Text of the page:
Causal interaction in high frequency turbulence at the biosphere-atmosphere interface: Structure-function coupling

Leila Constanza Hernandez Rodriguez, Praveen Kumar

Research output: Contribution to journalArticlepeer-review


At the biosphere-atmosphere interface, nonlinear interdependencies among components of an ecohydrological complex system can be inferred using multivariate high frequency time series observations. Information flow among these interacting variables allows us to represent the causal dependencies in the form of a directed acyclic graph (DAG). We use high frequency multivariate data at 10 Hz from an eddy covariance instrument located at 25 m above agricultural land in the Midwestern US to quantify the evolutionary dynamics of this complex system using a sequence of DAGs by examining the structural dependency of information flow and the associated functional response. We investigate whether functional differences correspond to structural differences or if there are no functional variations despite the structural differences. We base our analysis on the hypothesis that causal dependencies are instigated through information flow, and the resulting interactions sustain the dynamics and its functionality. To test our hypothesis, we build upon causal structure analysis in the companion paper to characterize the information flow in similarly clustered DAGs from 3-min non-overlapping contiguous windows in the observational data. We characterize functionality as the nature of interactions as discerned through redundant, unique, and synergistic components of information flow. Through this analysis, we find that in turbulence at the biosphere-atmosphere interface, the variables that control the dynamic character of the atmosphere as well as the thermodynamics are driven by non-local conditions, while the scalar transport associated with CO 2 and H 2 O is mainly driven by short-term local conditions.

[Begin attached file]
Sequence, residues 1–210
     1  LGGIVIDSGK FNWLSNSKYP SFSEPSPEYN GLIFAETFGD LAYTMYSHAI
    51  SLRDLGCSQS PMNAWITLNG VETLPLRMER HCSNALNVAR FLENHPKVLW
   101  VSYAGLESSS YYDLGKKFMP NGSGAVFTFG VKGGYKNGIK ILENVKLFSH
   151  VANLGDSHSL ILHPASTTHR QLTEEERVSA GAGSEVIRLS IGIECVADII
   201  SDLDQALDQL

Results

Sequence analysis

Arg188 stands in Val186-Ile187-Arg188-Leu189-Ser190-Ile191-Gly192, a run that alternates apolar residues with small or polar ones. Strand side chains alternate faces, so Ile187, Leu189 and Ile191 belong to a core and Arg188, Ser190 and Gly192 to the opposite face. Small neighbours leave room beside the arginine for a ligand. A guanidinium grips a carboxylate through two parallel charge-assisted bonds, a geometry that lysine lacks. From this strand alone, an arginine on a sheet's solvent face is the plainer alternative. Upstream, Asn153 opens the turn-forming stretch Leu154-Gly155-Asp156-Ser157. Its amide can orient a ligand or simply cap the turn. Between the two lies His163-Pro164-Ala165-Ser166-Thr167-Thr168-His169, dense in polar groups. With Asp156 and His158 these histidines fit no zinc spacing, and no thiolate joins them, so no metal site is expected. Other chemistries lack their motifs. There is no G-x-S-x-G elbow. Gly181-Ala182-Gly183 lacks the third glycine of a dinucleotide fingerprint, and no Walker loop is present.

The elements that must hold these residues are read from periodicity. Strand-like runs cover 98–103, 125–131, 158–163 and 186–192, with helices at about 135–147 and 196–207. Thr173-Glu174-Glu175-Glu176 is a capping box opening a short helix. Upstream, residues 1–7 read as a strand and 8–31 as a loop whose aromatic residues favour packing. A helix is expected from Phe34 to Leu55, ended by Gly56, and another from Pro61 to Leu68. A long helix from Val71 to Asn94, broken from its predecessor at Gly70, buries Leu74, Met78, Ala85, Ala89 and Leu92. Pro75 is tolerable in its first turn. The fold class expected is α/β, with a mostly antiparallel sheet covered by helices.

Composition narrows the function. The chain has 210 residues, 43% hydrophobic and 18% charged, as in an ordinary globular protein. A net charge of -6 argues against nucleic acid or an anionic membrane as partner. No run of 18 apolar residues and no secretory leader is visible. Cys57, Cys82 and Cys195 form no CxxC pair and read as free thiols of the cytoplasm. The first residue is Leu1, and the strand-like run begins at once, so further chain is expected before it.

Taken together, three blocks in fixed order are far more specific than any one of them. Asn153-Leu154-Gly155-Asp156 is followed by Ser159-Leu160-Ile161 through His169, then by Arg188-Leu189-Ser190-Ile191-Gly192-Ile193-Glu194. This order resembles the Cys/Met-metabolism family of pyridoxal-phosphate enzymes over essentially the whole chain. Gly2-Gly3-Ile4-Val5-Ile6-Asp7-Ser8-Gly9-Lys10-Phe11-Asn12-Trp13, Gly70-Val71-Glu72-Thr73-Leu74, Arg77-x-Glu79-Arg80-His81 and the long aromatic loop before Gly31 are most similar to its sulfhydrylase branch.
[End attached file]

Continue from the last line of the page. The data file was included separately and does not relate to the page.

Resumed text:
Original languageEnglish (US)
Article number073144
Issue number7
StatePublished - Jul 1 2023

ASJC Scopus subject areas

  • Applied Mathematics
  • Statistical and Nonlinear Physics
  • General Physics and Astronomy
  • Mathematical Physics


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